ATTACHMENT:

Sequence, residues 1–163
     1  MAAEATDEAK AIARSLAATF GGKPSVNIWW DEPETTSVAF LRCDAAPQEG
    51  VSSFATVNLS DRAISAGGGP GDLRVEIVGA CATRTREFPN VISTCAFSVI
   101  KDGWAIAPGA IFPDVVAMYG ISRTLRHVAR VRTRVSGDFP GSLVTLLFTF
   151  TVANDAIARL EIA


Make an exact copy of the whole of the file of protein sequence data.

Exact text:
Sequence, residues 1–163
     1  MAAEATDEAK AIARSLAATF GGKPSVNIWW DEPETTSVAF LRCDAAPQEG
    51  VSSFATVNLS DRAISAGGGP GDLRVEIVGA CATRTREFPN VISTCAFSVI
   101  KDGWAIAPGA IFPDVVAMYG ISRTLRHVAR VRTRVSGDFP GSLVTLLFTF
   151  TVANDAIARL EIA